thereof.[19] Since the trial court itself accepted the veracity of petitioners factual
premises, there is no cause to dispute the conclusion of psychological incapacity
drawn therefrom by petitioners expert witness.[20]

Second, the root cause of Rodolfos psychological incapacity has been


medically or clinically identified, alleged in the petition, sufficiently proven by
expert testimony, and clearly explained in the trial courts decision.

The petition alleged that from the beginning of their marriage, Rodolfo was
not gainfully employed and, despite pleas from petitioner, he could not be persuaded
to even attempt to find employment; that from the choice of the family abode to the
couples daily sustenance, Rodolfo relied on his mother; and that the couples
inadequate sexual relations and Rodolfos refusal to have a child stemmed from a
psychological condition linked to his relationship to his mother.
These manifestations of incapacity to comply or assume his marital
obligations were linked to medical or clinical causes by an expert witness with more
than forty years experience from the field of psychology in general and
psychological incapacity, in particular. In a portion of her psychiatric evaluation,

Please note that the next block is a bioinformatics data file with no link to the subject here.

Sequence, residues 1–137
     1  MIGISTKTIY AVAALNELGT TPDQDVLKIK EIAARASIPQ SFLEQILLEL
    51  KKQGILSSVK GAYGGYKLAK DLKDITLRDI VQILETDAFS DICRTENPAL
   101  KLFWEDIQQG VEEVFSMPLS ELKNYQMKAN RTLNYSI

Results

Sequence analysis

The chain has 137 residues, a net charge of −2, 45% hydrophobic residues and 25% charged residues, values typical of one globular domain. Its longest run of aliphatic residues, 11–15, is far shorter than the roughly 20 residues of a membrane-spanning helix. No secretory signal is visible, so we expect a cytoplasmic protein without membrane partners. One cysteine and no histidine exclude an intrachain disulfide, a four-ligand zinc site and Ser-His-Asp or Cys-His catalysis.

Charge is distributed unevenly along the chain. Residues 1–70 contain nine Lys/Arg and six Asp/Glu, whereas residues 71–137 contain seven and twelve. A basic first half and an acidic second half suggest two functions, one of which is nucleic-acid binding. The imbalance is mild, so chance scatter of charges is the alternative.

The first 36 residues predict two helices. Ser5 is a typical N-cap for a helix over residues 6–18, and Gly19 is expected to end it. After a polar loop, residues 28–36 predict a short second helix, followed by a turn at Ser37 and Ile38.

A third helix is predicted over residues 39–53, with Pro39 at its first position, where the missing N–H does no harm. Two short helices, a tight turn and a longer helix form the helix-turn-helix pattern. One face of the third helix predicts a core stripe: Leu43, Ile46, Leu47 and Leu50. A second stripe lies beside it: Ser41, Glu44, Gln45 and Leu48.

Dr. Villegas elucidated the psychodynamics of the case of petitioner and Rodolfo,
thus:

Marietta is the eldest of 5 siblings, whose parents has very limited


education. Being the eldest, she is expected to be the role model of younger
siblings. In so doing, she has been restricted and physically punished, in order to
tow the line. But on the other hand, she developed growing resentments towards
her father and promised herself that with the first opportunity, shell get out of the
family. When Rodolfo came along, they were married 1 months after they met,
without really knowing anything about him. Her obsession to leave her family was
her primary reason at that time and she did not exercise good judgment in her
decision making in marriage. During their 4 years marital relationship, she came
to realize that Rodolfo cannot be responsible in his duties and responsibilities, in
terms of loving, caring, protection, financial support and sex.

On the other hand, Rodolfo is the 3rd among 5 boys. The father, who was
perceived to be weak, and his two elder brothers were all working as